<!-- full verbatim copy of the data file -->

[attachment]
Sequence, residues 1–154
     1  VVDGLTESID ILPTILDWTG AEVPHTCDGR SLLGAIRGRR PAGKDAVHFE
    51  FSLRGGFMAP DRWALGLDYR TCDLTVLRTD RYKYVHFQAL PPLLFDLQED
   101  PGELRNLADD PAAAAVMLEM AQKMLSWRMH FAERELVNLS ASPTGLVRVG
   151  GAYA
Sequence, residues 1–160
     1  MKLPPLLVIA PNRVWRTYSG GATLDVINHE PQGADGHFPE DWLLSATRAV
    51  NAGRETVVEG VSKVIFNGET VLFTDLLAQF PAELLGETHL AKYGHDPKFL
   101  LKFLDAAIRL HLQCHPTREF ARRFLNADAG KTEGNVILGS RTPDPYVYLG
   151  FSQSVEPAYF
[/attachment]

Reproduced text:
Sequence, residues 1–154
     1  VVDGLTESID ILPTILDWTG AEVPHTCDGR SLLGAIRGRR PAGKDAVHFE
    51  FSLRGGFMAP DRWALGLDYR TCDLTVLRTD RYKYVHFQAL PPLLFDLQED
   101  PGELRNLADD PAAAAVMLEM AQKMLSWRMH FAERELVNLS ASPTGLVRVG
   151  GAYA
Sequence, residues 1–160
     1  MKLPPLLVIA PNRVWRTYSG GATLDVINHE PQGADGHFPE DWLLSATRAV
    51  NAGRETVVEG VSKVIFNGET VLFTDLLAQF PAELLGETHL AKYGHDPKFL
   101  LKFLDAAIRL HLQCHPTREF ARRFLNADAG KTEGNVILGS RTPDPYVYLG
   151  FSQSVEPAYF